Around the same time as the American Civil War a civil war that became known as the Taiping Rebellion was raging in China. The American Civil War was a brutal conflict that left 625,000 Americans dead. The Taiping Rebellion resulted in the deaths of somewhere between 20-30 million people, making it one of the bloodiest conflicts in human history.
The origins of the Taiping Rebellion lay some years prior in the First Opium Wars fought between the British and the Qing Empire of China from 1839-1842. In the Opium Wars the grand old British Empire played the role of the modern day Columbian drug cartel,
or Mexican drug lords, with the major difference being that the British, being militarily superior to the Chinese, were able to force China to accept the British importation of an addictive poison rather than just sneak it across the border.
As a consequence of the devastating impact of the opium trade on the people of China, the Chinese Emperor sent the Confucian scholar Lin Zexu to the port of Canton in order to put a stop to the importation of the drug by British merchants. Lin wrote an impassioned letter to Queen Victoria appealing to her sense of humanity with the hope of stopping the trade.
We find that your country is distant from us about sixty or seventy thousand miles, that your foreign ships come hither striving the one with the other for our trade, and for the simple reason of their strong desire to reap a profit. Now, out of the wealth of our Inner Land, if we take a part to bestow upon foreigners from afar, it follows, that the immense wealth which the said foreigners amass, ought properly speaking to be portion of our own native Chinese people. By what principle of reason then, should these foreigners send in return a poisonous drug, which involves in destruction those very natives of China? Without meaning to say that the foreigners harbor such destructive intentions in their hearts, we yet positively assert that from their inordinate thirst after gain, they are perfectly careless about the injuries they inflict upon us! And such being the case, we should like to ask what has become of that conscience which heaven has implanted in the breasts of all men?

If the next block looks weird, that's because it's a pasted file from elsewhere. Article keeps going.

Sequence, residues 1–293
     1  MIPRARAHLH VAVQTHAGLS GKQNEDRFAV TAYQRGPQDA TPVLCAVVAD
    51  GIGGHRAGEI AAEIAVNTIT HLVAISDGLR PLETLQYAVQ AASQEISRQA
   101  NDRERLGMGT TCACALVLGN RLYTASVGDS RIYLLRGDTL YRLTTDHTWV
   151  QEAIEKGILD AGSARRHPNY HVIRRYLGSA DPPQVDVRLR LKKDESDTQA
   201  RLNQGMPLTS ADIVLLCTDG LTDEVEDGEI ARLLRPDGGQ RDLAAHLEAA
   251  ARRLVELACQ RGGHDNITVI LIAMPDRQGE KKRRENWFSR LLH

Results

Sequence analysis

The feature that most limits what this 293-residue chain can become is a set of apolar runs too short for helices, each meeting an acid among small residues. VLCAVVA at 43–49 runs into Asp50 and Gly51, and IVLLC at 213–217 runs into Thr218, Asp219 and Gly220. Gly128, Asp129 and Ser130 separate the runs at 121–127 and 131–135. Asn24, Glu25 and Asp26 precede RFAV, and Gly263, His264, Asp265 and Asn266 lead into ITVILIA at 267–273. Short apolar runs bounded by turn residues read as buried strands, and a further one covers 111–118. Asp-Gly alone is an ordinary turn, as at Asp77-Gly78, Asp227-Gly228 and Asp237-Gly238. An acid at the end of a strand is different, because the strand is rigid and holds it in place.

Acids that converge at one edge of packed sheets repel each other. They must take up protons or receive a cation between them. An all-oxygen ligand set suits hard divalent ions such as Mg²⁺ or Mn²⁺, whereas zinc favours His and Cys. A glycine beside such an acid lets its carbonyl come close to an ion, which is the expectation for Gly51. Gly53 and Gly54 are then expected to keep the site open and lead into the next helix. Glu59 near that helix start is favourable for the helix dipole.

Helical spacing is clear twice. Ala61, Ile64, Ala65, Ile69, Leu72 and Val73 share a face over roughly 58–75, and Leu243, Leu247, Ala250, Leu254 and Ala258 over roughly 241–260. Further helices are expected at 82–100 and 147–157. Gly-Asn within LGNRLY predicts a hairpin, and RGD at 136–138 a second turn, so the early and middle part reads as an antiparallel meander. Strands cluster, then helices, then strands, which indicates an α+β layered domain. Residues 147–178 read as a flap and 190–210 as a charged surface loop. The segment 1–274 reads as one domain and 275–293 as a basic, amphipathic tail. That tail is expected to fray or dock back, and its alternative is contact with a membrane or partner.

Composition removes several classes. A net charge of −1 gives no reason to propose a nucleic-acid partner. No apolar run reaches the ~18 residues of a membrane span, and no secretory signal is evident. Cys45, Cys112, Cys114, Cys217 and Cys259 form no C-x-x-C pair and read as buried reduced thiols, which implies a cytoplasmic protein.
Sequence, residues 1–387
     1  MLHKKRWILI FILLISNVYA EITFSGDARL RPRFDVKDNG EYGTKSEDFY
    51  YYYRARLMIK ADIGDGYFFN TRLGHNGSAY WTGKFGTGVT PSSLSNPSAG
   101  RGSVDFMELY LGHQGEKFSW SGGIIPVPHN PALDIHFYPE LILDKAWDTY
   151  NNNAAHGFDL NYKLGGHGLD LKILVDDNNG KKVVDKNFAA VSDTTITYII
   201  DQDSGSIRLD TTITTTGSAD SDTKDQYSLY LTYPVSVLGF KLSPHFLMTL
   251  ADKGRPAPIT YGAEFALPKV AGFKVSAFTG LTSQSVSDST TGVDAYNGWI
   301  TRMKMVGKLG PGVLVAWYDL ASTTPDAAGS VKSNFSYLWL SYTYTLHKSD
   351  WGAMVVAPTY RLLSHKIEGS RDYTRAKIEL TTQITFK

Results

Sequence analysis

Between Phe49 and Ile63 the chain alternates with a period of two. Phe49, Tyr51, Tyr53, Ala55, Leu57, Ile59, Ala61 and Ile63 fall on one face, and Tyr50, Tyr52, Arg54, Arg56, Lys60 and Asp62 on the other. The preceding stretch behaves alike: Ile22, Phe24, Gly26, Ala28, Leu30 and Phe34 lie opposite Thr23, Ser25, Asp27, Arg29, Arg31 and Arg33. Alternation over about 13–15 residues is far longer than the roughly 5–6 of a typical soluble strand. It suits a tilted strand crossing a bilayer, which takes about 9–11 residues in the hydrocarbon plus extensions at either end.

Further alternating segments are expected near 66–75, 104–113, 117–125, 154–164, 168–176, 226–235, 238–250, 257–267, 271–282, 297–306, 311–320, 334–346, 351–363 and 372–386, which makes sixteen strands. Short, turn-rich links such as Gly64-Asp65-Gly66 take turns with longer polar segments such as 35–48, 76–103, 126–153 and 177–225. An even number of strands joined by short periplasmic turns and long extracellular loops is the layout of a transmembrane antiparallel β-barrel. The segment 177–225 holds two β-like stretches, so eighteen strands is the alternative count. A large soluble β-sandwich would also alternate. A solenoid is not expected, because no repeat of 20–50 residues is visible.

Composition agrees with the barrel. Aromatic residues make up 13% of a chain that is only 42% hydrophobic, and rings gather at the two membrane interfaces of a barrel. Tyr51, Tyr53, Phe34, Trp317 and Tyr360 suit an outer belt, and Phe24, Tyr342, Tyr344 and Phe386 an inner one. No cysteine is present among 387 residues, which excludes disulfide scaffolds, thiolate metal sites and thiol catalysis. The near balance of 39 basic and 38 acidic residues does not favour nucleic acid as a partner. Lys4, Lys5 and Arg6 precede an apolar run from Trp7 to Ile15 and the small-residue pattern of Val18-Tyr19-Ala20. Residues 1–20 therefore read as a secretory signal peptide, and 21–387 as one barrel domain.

The result of Lin’s efforts was a war by the British against the Chinese Empire, that the Chinese were destined to lose.
The fact that tiny Great Britain, with a little over 27 million people in 1850, could so easily have brought a continental empire of 450 million to heel would have been considered ludicrous only 50 years before. It was certainly the case that European powers had had an easy time knocking off the great empires of the Americas- the Aztec and the Inca- two centuries earlier, but these were civilizations lacking steel, wheels, horses, or gunpowder weapons, technologies the Europeans had largely imported from fellow Old World civilizations- especially the Chinese. As Jared Diamond has pointed out, the Europeans were also in possession of devastating weapons of mass destruction in the form of diseases to which Native Americans had no immunity, and which killed more than any of the cruelties of conquest.
China, though, should have been different. China was the oldest living civilization, the great technological, political and cultural innovator. It was, after all, the more advanced society Europeans were trying to get to in search of trade, technology, and a hoped for ally against the Muslims when Columbus “goofed up” and ran into the New World.
The reason China wasn’t different is that the world had begun one of those great periods of tectonic shift in nature and history. This time, the shift was the development of a whole new type of civilization, an industrial civilization which, for a time, turned the Western civilization in which it first took root into the ruler of the world. For the mechanized British army and navy the “white man’s burden” that came with technological advantage meant cornering the Chinese drug market, and crippling the world’s most revered civilization.
The response of some of the Chinese to all this was the establishment of a pseudo-Christian utopia called the Taiping Heavenly Kingdom. The war between the Qing Chinese and this strange utopian-cult would constitute the bloodiest conflict of the 19th century rivaling the wars unleashed by the ravenous Napoleon…